I’ve never had much luck with sports cars, even the ones that aren’t that expensive. My first car was a sporty Nissan 240 SX and I totaled it two weeks after I got my driver’s license. (You can read all about that in this post.) Yeah, I was young, and statistically speaking it was bound to happen, but after that I got a beater Honda which I drove into the ground and never once got into an accident while driving it. Why? I believe it’s because it wasn’t a sports car.

Sports cars are accident prone vehicles, at least in my experience. Maybe you don’t agree, and that’s okay, but this is especially true for me if they are red. Not only that, but driving them raises your insurance rates to high heaven, so much so that you feel like you’re in hell every time that bill comes in the mail. Good grief, I can’t tell you how much higher my insurance premium was when I drove a red sports car than when I didn’t. Something about the color red and the sports label, but when you put them together, you can forget about ever having money in your bank account, especially since you’re bound to total the car anyway.

Also, anytime I see someone driving a sports car, the person usually fits into one of the following categories:

  • 45-year-old male experiencing a midlife crisis
  • 16-year-old female who’s texting while driving and shouldn’t even be on the road
  • 32-year-old single guy who’s car is an obvious symbol of the insecurity he has over the size of his penis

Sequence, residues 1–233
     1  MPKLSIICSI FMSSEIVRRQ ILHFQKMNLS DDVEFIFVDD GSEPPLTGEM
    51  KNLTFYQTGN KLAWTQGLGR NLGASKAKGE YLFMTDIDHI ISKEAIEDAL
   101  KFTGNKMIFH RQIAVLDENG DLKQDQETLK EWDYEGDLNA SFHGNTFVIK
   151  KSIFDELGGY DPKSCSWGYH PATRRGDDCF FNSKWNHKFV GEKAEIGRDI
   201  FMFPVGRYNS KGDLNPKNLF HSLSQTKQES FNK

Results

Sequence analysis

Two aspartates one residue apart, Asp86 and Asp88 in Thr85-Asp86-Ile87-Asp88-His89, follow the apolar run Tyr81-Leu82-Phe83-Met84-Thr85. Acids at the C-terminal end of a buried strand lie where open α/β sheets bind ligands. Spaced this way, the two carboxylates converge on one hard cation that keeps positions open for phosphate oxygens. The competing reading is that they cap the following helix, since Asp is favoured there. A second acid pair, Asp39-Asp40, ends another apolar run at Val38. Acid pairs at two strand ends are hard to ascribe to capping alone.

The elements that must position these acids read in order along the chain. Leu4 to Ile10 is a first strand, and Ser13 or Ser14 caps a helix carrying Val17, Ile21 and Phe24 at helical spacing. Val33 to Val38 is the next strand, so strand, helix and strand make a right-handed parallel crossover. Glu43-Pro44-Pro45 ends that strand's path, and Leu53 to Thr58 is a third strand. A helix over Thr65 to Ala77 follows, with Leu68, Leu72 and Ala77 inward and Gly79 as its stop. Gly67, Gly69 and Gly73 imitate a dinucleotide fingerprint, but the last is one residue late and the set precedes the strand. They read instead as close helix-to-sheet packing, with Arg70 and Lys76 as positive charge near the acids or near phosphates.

Never do I EVER want to be in any of the above situations or classes of people. Especially the third one. Have you ever been riding down the road and witnessed some asshole rev his engine just before gunning it to pass everyone because he couldn’t wait the extra two seconds it takes for the person in front of him to hit the gas after a red light turned green? Yeah. That guy is who IĀ neverĀ want to be.

So that’s enough reason for me to never want to own a sports car, no matter how expensive it is, but I will especially never own one who’s price tag goes above that which can be afforded by a normal, middle-class American. Why? Because cars depreciate in value as soon as you drive them off the lot. As a matter of fact, I’ve been giving serious consideration to never owning a car again and only leasing from now on for this very reason. Cars are not a good investment. Period.

“Why do I own a blog about cars and speed, then?”

Good question. This blog was never meant to be for car-lovers so much as for those who enjoy spending time behind the wheel. Whether it’s in a beater Honda Civic or a beautiful McLaren is irrelevant. When I’m in my car, the wheels in my head are usually spinning as fast as the ones on my vehicle, and sharing the movement of those wheels is, and always will be, my purpose in writing.